the physical aridSpiritualsens~the
term - their elimination as politica1 constraints and the full guarantee of
fundamentalfreedoms to the individuals:and comm.unities concerned. Thus the seeking of asatisfactory solution
is closely related to efforts ardemocratsaton, gaining strength in several countries of Central and Eastern
Europe and to the growing need for emancipation of smalier nations of the region in the international arena

In the long run the resolution of the sitnation of national minorities in Europe iS ultimately to be found
in the socio-historical processes effectively contributing to breaking down state boundaries dividing nations and
ethnic communities. The direct and multifold inter-people cooperation would transform the problem of frontiers
as it is hcped into an academic question without any real politica1 significance.
In this respect the 'inter-regional cross-border cooperation in areas of mixed ethnicity, areas which
are cmplementary culturally as well as economically, deserves special attention. The Hungarian - Austrian
- Yugoslav border region e.g. presents a kind of new approach to state borders, which involves also the
recognition of theminorities' right to contacts with 'mother nations'. This cooperation - in sharp contrast with
the isolationist tendency in the. Rumanian border area - embraces a wide spectrum of relations from economic
to cultural or educational The examples of the latter fields are contacts between schools, seminars for pupils
and teachers, exchange of textbooks, reciprocal scholarships for students etc in order to preserve and develop
the ethnic heritage in the neighbouring regions.
Recently the problem of minorities has been also included in a larger Central European inter-regional
cooperation calledAlpe-Adria, in which 14 regions or republics of Austria, Hungary, Italy, Yugoslavia and West
Germany participate.
The multiplication of cross-border contacts of individuals, local communities and enterprises based in
the Western frontier areas of Hungary and Yugoslavia is contributing to making these societies more open.
Unfortunately in Eastern Europe such openness is more often the exception than the rule. At the end of the
1980's Eastern Europe is geographically the largest crisis zone in the world. The internal and international
components of the crisis situation, the ethnic and non-ethnic aspects of the crisis are closely interrelated.
There is first of ali the crisis of the monolithic political system, which eliminated the forces of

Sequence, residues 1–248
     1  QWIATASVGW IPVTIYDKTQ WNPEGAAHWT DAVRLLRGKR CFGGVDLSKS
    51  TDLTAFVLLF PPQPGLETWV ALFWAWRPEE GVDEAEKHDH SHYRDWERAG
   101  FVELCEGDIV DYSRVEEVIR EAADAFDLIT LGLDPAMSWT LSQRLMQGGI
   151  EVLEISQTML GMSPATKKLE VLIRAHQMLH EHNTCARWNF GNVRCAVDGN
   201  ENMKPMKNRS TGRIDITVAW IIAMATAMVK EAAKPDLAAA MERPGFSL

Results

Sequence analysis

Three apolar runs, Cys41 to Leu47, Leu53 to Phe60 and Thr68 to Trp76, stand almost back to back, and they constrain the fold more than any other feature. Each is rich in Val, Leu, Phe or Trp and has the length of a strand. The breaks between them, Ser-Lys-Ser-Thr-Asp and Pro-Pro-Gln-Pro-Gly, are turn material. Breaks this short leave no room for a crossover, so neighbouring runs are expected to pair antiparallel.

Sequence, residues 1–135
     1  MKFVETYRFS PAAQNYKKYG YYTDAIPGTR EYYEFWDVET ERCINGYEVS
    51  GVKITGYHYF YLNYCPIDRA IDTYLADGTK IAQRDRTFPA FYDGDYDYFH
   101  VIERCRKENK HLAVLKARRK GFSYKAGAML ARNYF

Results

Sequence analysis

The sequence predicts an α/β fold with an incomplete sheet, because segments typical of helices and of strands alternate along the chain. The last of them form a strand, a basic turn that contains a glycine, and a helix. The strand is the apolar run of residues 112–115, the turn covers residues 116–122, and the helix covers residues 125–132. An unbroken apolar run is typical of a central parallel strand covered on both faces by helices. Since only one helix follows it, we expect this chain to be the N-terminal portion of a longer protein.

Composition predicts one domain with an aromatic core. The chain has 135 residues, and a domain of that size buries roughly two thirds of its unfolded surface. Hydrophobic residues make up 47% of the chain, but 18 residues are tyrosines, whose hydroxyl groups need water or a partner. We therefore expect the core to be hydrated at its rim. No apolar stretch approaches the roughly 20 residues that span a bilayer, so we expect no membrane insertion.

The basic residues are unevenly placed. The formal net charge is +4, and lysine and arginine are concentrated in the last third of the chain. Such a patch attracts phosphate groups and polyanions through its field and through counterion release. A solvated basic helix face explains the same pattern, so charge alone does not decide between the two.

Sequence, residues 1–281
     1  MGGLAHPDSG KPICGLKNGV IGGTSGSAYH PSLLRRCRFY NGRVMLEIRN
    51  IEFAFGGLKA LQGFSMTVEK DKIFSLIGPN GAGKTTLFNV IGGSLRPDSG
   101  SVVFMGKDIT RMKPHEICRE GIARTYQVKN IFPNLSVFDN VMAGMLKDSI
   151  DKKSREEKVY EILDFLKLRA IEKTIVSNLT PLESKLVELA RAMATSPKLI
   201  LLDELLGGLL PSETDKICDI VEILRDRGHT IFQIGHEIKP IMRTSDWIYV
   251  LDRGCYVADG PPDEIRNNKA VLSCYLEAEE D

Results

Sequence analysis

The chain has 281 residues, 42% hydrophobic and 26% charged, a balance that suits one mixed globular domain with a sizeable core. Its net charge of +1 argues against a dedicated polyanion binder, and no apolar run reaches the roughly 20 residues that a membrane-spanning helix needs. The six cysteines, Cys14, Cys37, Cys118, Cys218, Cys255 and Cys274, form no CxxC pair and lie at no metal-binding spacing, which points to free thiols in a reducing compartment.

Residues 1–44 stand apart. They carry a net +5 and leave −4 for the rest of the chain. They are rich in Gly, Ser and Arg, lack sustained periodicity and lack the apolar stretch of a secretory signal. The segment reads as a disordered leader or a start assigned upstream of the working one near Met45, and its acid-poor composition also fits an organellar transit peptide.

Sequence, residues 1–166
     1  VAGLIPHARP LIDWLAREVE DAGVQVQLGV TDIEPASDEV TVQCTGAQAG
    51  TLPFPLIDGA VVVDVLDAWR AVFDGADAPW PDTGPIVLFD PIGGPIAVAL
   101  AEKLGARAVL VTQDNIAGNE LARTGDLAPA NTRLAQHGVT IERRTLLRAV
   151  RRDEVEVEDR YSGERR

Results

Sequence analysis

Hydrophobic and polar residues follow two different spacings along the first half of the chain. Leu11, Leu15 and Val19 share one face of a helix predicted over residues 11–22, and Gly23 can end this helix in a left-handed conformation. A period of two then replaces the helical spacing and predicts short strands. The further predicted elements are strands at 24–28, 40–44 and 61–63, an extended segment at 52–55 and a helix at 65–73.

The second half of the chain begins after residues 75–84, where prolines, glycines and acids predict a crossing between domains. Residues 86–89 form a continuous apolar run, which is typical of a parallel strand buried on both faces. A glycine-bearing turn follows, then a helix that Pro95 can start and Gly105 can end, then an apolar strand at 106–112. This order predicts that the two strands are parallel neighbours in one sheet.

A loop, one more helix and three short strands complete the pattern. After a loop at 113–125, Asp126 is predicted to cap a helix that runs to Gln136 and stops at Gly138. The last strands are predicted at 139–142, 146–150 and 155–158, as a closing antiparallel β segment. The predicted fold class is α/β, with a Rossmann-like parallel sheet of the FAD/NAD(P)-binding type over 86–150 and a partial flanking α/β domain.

autonomy, of pluralism and power counter-weight, In an overcentralized structure, where the influence of the
individuals and their various groups on the public affairs is insignificant, the minorities find themselves in a
particularly vulnerable position,
There is an obvious interrelationship between specific minority rights and general civil rights and
freedoms. This fact finds its expression also in international relations. The cooperation between the minority
and the 'mother nation' is influenced first of alI by the degree of democracy of the politica1 system, where the
minorities live. The degree of tolerance and the politicai culture of the social environment also play an
outstanding role.
Where the minorities are considered to be 'foreign bodies', that the state must eliminate by assimilation
or expulsion, they became against their will and interest the 'human dynamite' of international relations. In such
conditions it is easy to manipulate them, to use these communities as 'fifth columns', or subjects of the 'divide
and rule' tactics.
A very recent development is the realization that the linguistic and cultural values of minorities can not
only enrich the country of which they are part, but they can also take part in the rapprochement between
nations. National rninorities as 'cultural bridges' and integrative factors in international relations - is much more
a long term program than a present day reality in Eastern Europe. Nevertheless the political changes taking
place in some countries of the area could promote this process.

Rudolf J06 is Senior Research Fellow, Institute for Hungarian Studies, Budapest, Hungary.

Ethnic Conflict: Central and Eastern Europe

This article is a slightly revised version OC a papcr read at the ICES workshop on Intemationalization of Ethnic Conflict held in
Colombo in August 1989, a few weeks before the political situation in Central and Eastern Europe changed so dramatically.